Ask the Recruiters: Graduate Student Edition

05 APR 2018

We asked two of our recruiters questions frequently asked by graduate students on how they should be approaching the Goldman Sachs recruiting process. 

Erica and Annie recruit for our Investment Management Division (IMD) and Investment Banking Division (IBD), respectively, and are vice presidents in our Human Capital Management Division in New York. They focus on recruiting students pursuing a graduate degree. Here's our Q&A with them:

What career opportunities are there for graduate students at Goldman Sachs?

Erica: At Goldman Sachs, we offer a summer associate program, which is for students working towards an advanced degree such as an MBA or JD, and is offered during the penultimate year of study.

Annie: Our recruiters for both IBD and IMD visit campuses around the globe and recruit for summer associate opportunities in the Americas, Europe, and Asia. Our summer program is a direct feeder into our full time program, so we encourage students who are interested in full time opportunities at the firm to apply. 

What skills are you looking for when hiring graduate students?

Erica: In Private Wealth Management (PWM), within IMD, the uniqueness of each individual is what we value, but we do have a core set of attributes that we look for. We want to find candidates with an ambition to succeed, a desire to be client-focused and an entrepreneurial spirit. We also look for graduate students with commercial awareness, emotional intelligence, and the ability to think critically. We value candidates that come with diverse perspectives.  

Annie: Agreed, most candidates interested in IBD may not realize that we are not only looking for candidates with direct finance experience and qualifications but that we have a strong appetite to recruit people with diverse experiences to the firm. We are looking for self-starters and candidates who have a genuine interest in the industry. It is important that candidates are prepared to discuss how the skills they developed in their previous career lend themselves to the role they are currently pursuing, and have a well-articulated response to why they want to join Goldman Sachs.

What interview advice would you give prospective candidates?

Erica: It’s important that you do your own research on the roles and industries available to graduate students. Standout candidates make personal connections with our professionals, stay engaged during the interview process, are persistent in the follow up and communicate what they will add to the company and business they are interviewing with.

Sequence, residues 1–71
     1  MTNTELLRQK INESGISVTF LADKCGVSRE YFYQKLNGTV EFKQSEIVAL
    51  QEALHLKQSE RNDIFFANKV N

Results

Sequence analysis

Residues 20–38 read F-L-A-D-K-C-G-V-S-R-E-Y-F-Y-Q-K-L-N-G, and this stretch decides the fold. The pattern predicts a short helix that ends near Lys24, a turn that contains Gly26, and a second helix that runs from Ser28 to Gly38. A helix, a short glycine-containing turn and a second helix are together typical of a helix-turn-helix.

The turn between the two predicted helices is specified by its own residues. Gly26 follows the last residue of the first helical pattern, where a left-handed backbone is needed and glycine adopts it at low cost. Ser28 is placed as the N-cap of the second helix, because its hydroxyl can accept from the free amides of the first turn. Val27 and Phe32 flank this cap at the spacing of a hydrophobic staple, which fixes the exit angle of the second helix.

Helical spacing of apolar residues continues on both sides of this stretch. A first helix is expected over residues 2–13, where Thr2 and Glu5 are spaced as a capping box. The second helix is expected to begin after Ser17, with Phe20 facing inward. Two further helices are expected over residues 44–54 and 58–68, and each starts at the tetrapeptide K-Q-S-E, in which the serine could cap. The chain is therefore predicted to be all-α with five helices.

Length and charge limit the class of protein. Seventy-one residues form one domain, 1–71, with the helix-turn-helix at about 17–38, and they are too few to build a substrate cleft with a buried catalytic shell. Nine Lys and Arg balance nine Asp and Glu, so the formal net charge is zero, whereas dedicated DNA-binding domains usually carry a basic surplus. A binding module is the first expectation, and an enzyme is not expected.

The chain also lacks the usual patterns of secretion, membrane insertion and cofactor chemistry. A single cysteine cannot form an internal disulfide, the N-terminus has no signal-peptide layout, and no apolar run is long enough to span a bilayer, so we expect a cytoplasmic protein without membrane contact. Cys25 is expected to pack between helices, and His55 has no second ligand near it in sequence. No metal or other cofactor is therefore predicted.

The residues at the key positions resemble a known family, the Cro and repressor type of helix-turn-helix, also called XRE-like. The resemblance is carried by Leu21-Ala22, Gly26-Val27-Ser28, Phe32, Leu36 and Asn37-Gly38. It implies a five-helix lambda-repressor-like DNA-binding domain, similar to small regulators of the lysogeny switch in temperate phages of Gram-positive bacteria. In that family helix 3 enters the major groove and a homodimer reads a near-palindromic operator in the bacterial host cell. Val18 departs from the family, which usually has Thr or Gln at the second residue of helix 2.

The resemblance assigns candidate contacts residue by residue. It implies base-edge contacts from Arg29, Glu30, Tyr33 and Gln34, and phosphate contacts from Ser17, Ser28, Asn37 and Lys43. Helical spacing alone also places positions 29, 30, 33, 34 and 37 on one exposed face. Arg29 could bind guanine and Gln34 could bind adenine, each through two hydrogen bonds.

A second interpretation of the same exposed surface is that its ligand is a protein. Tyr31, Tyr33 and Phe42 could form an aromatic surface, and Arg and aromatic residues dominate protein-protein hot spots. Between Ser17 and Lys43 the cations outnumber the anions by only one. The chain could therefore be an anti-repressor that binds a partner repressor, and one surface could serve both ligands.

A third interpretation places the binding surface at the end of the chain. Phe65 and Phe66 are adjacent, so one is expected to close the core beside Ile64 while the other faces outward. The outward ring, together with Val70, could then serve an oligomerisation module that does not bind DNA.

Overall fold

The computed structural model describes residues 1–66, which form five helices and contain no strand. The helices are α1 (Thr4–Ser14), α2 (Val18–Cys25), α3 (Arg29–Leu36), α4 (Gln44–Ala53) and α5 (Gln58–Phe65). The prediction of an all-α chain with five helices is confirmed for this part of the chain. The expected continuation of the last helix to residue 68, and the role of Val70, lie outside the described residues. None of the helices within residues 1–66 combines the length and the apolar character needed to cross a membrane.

Annie: Exactly, and it is also very important that students follow the news and stay abreast of what’s going on in the markets and industry. It’s great to interview students who have an opinion, and think about how markets, industry trends and the macroeconomic environment impact our firm and our clients. You don’t need the finance background because we’ll train you, but you do need to have the interest because that’s something we can’t teach.

How can prospective applicants learn about Goldman Sachs opportunities?

Erica: Our careers site is a good place to start. You can navigate our program finder to see if anything fits your qualifications and career goals. Another good resource is your classmates and alumni who have participated in the recruiting process and/or summer internship. They can provide their personal experiences.

Annie: The process starts very early - for some MBA programs it starts as soon as you arrive to campus - and it is incredibly important to start networking and participating in the on campus events we host throughout the fall. In addition to our careers website, attending our recruiting events and building relationships with our professionals will help you learn and understand more about our opportunities.

As a recruiter, how do you help match a candidate’s skills to a role?

Erica: We take the time to understand why the student went to graduate school, and speak to the skill set we look for and how their background aligns. We are transparent, and describe a “day in the life” as well as the career trajectory to help the student decide if this opportunity is the proper fit.

Annie: We partner very closely with our professionals within IBD as well as school team members to host events on campus and at our various offices that allow us to meet candidates. The education and networking components of the IBD recruiting process are very important to help our candidates understand which industry groups and locations make most sense for them. 

What can a graduate student look forward to during an internship at Goldman Sachs?

Annie: The GS Summer Associate Program is a 10-week internship. For IBD, it begins with one week of divisional training in New York, including topics on technical skills, a case study and an in depth look at Goldman Sachs. You will then spend the remaining nine weeks with your business unit, working on teams to experience the role first-hand. You will be assigned both a formal and informal mentor to help you navigate the summer

Erica: If you are interning in PWM you can expect a world-class three week training program in New York, the chance to engage with senior leaders and diverse individuals across the firm and access to the global cross-divisional resources of Goldman Sachs. The remaining 7 weeks are spent in one of our 13 offices with PWM presence. Our summer associates have the opportunity to leverage the resources that full time professionals are able to take advantage of in addition to getting added exposure to senior leadership.

For more information on how to apply to our summer associate program try our Program Finder.